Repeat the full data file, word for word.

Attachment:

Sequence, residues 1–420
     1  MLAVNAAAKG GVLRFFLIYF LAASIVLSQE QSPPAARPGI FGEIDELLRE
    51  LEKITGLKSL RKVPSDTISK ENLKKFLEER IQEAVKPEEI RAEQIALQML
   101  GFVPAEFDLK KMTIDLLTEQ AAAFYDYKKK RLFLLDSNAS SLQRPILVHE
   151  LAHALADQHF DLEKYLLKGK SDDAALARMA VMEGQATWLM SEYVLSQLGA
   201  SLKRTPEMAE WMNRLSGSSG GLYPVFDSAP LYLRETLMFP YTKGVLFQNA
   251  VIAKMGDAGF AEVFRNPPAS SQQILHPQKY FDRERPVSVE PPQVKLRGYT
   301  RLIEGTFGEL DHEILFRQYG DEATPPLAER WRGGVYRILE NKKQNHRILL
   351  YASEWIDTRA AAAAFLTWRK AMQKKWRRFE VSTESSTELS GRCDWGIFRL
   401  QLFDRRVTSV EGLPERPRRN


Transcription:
Sequence, residues 1–420
     1  MLAVNAAAKG GVLRFFLIYF LAASIVLSQE QSPPAARPGI FGEIDELLRE
    51  LEKITGLKSL RKVPSDTISK ENLKKFLEER IQEAVKPEEI RAEQIALQML
   101  GFVPAEFDLK KMTIDLLTEQ AAAFYDYKKK RLFLLDSNAS SLQRPILVHE
   151  LAHALADQHF DLEKYLLKGK SDDAALARMA VMEGQATWLM SEYVLSQLGA
   201  SLKRTPEMAE WMNRLSGSSG GLYPVFDSAP LYLRETLMFP YTKGVLFQNA
   251  VIAKMGDAGF AEVFRNPPAS SQQILHPQKY FDRERPVSVE PPQVKLRGYT
   301  RLIEGTFGEL DHEILFRQYG DEATPPLAER WRGGVYRILE NKKQNHRILL
   351  YASEWIDTRA AAAAFLTWRK AMQKKWRRFE VSTESSTELS GRCDWGIFRL
   401  QLFDRRVTSV EGLPERPRRN